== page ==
29 November 2016

Are GRACE-Era Terrestrial Water Trends Driven by Anthropogenic Climate Change


To provide context for observed trends in terrestrial water storage (TWS) during the GRACE era (2003-2014), the observed trends are compared to trends and variability in TWS in the CESM1-CAM5 Large Ensemble (LE). Motivated in part by the anomalous nature of climate variability during the record, the characteristics of both forced change and internal modes of variability are quantified and their relative roles in influencing observed trends are estimated.


It is found that trends during the GRACE era in the LE are generally dominated by internal variability rather than by the forced response, with major TWS anomalies in much of the Americas, eastern Australia, Africa, and southwestern Eurasia attributable to climatic conditions associated with the negative phases the Pacific Decadal (PDO) and Atlantic Multi-decadal Oscillations (AMO). 


While many similarities between observed trends and the model-inferred forced response also exist, it is nonetheless likely inappropriate to attribute such trends mainly to anthropogenic forcing. For several key river basins, trends in the mean state and interannual variability, along with the time of emergence of the forced response from background variability, are also estimated while aspects of global mean TWS, including changes in its annual amplitude and decadal trends, are explored. The findings highlight the challenges of detecting anthropogenically driven changes in temporally finite satellite datasets and underscores the benefits of utilizing models to aid in the interpretation of the observed record.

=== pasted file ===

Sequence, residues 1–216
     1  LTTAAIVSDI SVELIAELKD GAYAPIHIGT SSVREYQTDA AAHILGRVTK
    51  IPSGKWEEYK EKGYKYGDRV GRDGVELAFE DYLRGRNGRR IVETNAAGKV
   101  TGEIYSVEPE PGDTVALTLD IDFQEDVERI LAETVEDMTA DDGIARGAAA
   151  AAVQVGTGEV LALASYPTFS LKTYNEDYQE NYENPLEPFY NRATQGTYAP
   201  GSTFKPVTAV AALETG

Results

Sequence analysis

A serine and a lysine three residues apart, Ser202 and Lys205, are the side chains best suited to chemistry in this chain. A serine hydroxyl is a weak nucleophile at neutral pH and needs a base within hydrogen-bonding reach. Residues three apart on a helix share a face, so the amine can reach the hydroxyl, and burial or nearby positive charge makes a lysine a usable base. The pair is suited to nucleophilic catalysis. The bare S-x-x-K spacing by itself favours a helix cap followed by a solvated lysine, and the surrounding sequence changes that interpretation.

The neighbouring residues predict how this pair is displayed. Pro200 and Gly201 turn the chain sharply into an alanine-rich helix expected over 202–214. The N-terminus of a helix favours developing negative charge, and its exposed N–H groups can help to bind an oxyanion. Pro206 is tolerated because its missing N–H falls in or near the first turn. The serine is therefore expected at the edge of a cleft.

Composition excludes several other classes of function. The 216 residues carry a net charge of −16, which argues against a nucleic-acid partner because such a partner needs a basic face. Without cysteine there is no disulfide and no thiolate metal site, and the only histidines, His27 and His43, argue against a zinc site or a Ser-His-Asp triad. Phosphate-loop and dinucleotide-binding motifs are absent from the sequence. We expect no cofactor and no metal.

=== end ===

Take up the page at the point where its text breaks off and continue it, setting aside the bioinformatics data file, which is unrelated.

John Fasullo
National Center for Atmospheric Research (NCAR)
Fasullo, JT, DM Lawrence, and S Swenson.  2016.  "Are GRACE-Era Terrestrial Water Trends driven by Anthropogenic Climate Change."  Adv. in Meteor.  https://doi.org/10.1155/2016/4830603.